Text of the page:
So, we define a threshold (for some specific system of objects). Let’s say 30 bits. We compute different values of FSI for many different functions which can be conceived for the objects in that system. We say that those functions which have a value of FSI above the threshold we have chosen (for example, more than 30 bits) are complex. I will not discuss here how the threshold is chosen, because that is part of the application of these concepts to the design inference, which will be the object of another post.

    g) Functionally Specified Complex Information is therefore a binary property defined for a function in a system by a threshold. A function, in a specific system, can be “complex” (having FSI above the threshold). In that case, we say that the function implicates FSCI in that system, and if an object observed in that system implements that function we say that the object exhibits FSCI.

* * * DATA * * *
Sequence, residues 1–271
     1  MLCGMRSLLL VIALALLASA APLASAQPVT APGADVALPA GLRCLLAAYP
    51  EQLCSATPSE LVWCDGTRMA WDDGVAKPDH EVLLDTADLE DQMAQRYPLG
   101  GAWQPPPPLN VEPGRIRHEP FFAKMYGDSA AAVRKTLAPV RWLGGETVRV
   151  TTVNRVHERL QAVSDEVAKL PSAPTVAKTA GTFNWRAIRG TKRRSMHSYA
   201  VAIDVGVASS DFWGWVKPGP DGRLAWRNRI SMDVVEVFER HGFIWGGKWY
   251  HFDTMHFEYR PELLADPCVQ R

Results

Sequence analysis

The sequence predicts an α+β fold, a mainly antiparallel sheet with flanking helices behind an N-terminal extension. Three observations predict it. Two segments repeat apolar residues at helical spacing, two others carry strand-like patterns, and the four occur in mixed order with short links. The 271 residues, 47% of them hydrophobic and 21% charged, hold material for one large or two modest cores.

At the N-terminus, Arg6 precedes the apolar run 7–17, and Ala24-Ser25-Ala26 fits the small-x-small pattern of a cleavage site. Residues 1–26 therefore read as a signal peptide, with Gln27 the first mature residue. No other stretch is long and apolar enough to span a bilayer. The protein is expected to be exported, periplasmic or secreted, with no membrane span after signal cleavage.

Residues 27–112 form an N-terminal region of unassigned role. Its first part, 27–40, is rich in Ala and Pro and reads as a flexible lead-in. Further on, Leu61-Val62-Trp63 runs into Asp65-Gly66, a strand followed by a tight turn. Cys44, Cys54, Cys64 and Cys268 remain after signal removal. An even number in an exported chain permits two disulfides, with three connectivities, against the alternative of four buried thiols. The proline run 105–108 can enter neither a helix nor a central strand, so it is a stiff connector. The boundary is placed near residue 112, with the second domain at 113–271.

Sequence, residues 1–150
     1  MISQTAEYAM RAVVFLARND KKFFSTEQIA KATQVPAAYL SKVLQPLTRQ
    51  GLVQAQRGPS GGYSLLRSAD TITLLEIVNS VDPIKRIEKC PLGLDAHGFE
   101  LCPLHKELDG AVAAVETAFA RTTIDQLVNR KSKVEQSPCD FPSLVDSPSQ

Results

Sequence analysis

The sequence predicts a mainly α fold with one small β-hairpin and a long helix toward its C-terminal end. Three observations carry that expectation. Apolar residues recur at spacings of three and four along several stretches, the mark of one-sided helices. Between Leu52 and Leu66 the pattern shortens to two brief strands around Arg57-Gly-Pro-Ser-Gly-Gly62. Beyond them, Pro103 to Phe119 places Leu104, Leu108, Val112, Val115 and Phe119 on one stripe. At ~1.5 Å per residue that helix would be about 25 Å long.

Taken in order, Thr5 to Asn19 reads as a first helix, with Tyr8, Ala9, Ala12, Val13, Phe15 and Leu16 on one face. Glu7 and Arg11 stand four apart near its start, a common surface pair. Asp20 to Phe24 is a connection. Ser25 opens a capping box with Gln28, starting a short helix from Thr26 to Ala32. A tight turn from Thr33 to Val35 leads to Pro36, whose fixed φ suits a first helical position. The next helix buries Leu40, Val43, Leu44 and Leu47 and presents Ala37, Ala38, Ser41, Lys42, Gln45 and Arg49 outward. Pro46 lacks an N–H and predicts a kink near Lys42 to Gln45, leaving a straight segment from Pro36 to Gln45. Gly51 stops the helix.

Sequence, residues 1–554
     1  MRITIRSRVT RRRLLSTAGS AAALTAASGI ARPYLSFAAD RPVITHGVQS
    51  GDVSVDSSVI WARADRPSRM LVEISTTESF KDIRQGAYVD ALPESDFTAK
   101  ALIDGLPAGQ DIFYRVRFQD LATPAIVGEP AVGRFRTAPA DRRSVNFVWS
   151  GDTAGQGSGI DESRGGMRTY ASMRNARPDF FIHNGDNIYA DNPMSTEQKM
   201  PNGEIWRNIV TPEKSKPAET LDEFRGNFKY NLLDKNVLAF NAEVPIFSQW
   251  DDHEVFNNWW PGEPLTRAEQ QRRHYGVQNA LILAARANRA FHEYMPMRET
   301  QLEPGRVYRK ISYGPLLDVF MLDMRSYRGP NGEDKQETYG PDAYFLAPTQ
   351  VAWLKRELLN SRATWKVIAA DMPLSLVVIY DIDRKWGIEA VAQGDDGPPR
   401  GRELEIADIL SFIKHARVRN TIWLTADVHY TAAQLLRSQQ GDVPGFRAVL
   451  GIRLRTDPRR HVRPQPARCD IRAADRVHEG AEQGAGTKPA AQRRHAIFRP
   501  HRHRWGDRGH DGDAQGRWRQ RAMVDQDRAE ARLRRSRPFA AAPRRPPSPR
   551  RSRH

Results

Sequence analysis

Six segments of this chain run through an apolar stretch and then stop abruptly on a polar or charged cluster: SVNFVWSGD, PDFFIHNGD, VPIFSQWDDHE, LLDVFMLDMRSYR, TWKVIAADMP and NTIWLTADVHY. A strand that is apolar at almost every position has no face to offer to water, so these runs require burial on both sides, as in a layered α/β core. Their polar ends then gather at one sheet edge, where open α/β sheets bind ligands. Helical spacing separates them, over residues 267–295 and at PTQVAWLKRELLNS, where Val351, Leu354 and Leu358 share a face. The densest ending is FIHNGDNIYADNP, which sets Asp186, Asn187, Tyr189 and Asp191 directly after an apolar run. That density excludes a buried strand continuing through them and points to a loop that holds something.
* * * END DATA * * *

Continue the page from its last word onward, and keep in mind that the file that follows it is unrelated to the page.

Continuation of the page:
h) Finally, if the function for which we use our objects is linked to a digital sequence which can be read in the object, we simply speak of digital FSCI: dFSCI.

    So, FSI is a subset of SI, and dFSI is a subset of FSI. Each of these can be expressed in categorical form (complex/non complex).

    More in next post.

  32. 32
    gpuccio says:

    critical rationalist:

    OK. Now, let’s go to your question, in the form I have given it:

    “So, why don’t you start out by explaining how consciousness can actually be the source of complex functional information, then point out how Neo-darwnism doesn’t fit that description.”

    Now, the point is that ID theory makes an inference about the process where the current form of the object originated. In that sense, there are two kinds of objects: